[Pitch] Pointer bit width compile time conditional

Hi all,

there have been some discussion on this in the past (e.g. Compilation conditions for word size) and @xwu provided an implementation, but there was never a proposal to actually add this. I think this is a very useful feature, so I took it over, created an updated PR and am now creating this pitch.

Looking forward to your feedback.


Introduction

As a multi-platform language Swift supports various CPU architectures with different
pointer sizes. The pointer size can be checked at runtime using MemoryLayout, but
it is currently not possible to use this information at compile-time. This proposal
aims to add a compile-time conditional to check the pointer size in bits for the
given target architecture.

Motivation

Currently the only way to branch on pointer size at compile time is to list every
supported CPU that uses the specific pointer size as follows:

#if arch(i386) || arch(arm) || arch(arm64_32) || arch(wasm32)

This code is error prone and hard to maintain. Whenever a new target architecture
is added, code has to be carefully examined and updated for the new architecture.

Being able to branch on the pointer size at compile time would eliminate the need
to update code like this and instead only require the pointer size to be configured
when adding the new target architecture to the compiler.

Proposed solution

We are proposing to add a new compile-time conditional pointerBitWidth, that
checks if the target architecture uses the specified pointer size.

Usage:

struct MyStruct {
#if pointerBitWidth(32)
    let myProperty: Float
#elseif pointerBitWidth(64)
    let myProperty: Double
#else
    #error("Unsupported pointer size.")
#endif
}

Source compatibility and ABI

This change is purely additive.

Alternatives considered

An alternative appraoch would be to use the existing runtime mechanism instead.

Example:

if MemoryLayout<UnsafeRawPointer>.size == 4 { // system uses 32-bit pointers
    // ...
}

This should generally be constant folded by the compiler, but it is limited
in that it can only affect runtime control flow and not be used for conditionally
available functions or type layouts.

Example:

struct MyStruct {
    if MemoryLayout<UnsafeRawPointer>.size == 4 {
        let myProperty: Float
    } else {
        let myProperty: Double
    }
}

This code is invalid and will cause a compiler error.

12 Likes

Seems reasonable, with the caveat that choosing between Float and Double based on the platform word width is generally a bad idea, CGFloat notwithstanding!

Bikeshed on the name: Rust has just barely begun attempting to distinguish pointers from addresses to handle CHERI as well as platforms with segmented address spaces (see their “strict provenance” experiment). Right now Swift has two core word-sized type families: Int/UInt, and *Pointer. If those ever diverge, which width would this query?

(I don’t think this is likely to happen for Swift any time soon, and we can always change the name at that point. But it might be nice to consider it now.)

2 Likes

This distinction (word/pointer/integers) does seem potentially important with Windows being LLP64 while most Unix-like systems are LP64

4 Likes

Yeah, it's a silly example. Happy to change that to something better.

I think it would always be based on *Pointer, thus the name pointerBitWidth.

Is it then worth having intBitWidth as well?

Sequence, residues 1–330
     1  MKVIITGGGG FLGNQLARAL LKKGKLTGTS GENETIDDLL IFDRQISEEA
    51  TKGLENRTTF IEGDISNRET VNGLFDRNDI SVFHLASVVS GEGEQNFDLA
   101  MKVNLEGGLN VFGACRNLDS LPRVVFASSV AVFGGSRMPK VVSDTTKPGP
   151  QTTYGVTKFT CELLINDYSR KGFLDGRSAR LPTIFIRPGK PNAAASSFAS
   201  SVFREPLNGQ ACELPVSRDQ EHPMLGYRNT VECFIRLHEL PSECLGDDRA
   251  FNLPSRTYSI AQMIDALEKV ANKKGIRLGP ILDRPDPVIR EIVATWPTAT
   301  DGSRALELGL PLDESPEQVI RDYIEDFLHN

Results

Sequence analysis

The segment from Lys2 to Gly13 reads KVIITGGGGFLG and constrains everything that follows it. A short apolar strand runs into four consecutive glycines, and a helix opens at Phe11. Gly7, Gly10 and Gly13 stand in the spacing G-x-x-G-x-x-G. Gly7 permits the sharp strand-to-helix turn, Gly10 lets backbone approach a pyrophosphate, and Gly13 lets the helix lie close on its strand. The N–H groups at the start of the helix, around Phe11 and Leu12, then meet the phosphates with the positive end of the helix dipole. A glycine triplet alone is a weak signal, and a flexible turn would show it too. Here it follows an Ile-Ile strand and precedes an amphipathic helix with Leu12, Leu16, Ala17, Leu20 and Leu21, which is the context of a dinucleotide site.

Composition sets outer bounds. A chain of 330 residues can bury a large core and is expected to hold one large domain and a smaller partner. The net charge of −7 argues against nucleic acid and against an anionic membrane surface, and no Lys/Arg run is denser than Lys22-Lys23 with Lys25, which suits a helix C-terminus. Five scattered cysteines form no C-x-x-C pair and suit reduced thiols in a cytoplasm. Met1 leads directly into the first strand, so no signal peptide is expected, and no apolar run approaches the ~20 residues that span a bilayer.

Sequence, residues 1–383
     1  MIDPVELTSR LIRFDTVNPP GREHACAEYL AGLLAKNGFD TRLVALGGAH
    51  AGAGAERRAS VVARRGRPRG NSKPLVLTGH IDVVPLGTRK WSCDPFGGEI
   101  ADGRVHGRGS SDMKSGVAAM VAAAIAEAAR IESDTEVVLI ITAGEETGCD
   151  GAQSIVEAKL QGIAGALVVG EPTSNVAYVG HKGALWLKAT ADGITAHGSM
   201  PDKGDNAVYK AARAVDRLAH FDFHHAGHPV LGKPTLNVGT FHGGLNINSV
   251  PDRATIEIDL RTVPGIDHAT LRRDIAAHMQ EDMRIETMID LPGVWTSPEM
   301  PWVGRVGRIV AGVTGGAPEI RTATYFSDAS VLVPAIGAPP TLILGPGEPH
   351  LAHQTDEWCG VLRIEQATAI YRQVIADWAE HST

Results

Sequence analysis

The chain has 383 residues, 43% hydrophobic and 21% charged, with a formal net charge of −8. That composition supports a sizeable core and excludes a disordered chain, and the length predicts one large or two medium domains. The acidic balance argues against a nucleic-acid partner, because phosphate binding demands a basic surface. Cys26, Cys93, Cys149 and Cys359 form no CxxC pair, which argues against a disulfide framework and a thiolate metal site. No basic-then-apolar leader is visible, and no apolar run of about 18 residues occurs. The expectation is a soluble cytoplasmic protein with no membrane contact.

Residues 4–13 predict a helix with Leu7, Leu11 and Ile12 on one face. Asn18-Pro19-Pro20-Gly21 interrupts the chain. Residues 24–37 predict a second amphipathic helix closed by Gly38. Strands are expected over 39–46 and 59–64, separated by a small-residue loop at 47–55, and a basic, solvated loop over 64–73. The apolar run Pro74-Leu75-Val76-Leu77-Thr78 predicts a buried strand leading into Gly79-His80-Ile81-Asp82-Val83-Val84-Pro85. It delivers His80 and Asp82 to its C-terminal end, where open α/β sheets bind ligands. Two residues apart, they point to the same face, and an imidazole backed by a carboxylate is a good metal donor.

This will be a useful feature. Is there a name that works better with the Int and UInt types?

  • #if bitWidth(64)
  • #if wordBitWidth(64)

In the previous pitch from 2019, it was observed that "word" can be ambiguous (e.g. in Windows APIs and x86 assembly language). However, in Swift the Atomics.DoubleWord and BinaryInteger.Words APIs both use the UInt type.


Should _endian(big) and _endian(little) also be made available? I only found a few uses:

I mention endianness because it's also related to computer architecture:

  • #if arch(powerpc64le)
  • #if arch(*, bitWidth: 64, endian: little)
1 Like

"Word" is quite problematic (especially when we talk about targets like x86_32 or arm64_32) and should be avoided in this setting. I would simply call this intBitWidth(); it is Int.bitWidth, after all.

However, I'm nervous about adding this feature. The need that it addresses is a very real pain point, but the examples of why it is needed and how it would be used all show why it is also a bad idea: attempting precise control of memory layout in swift, with the language as we have today, is usually a programming error. If you want to precisely layout structs to match a wire format like this, you should instead define them in a .h file, and the C preprocessor already has the appropriate conditionals. I worry that adding this feature without providing the other tools necessary for precise layout control in swift will lead people to write code that they should not write.

I also wonder if the ultimate solution we want is not to "simply" allow compiler-evaluable expressions to be used (non-recursively?) in compile-time conditions. Should this in fact be something like:

#if UnsafePointer<T>.bitWidth == 64
#else
#endif

This is obviously a much larger feature, but it also seems like a much better feature. There's obviously a tradeoff between making an easy fix now and building some wild long-term solution, but I do worry about scattering stop-gap features across the language in the meantime.

13 Likes

If it is literally, say

#if MemoryLayout<UnsafeRawPointer>.size == 8
#else
#endif

or #if UnsafeRawPointer.size == 8

and assuming all pointer sizes are equal (are they?), can't the relevant code in the parser just have a special case for MemoryLayout<UnsafeRawPointer>.size string? (I know it's a bit dirty (e.g. what if I put space around dots, or what about "UnsafeMutableRawPointer", etc, but still).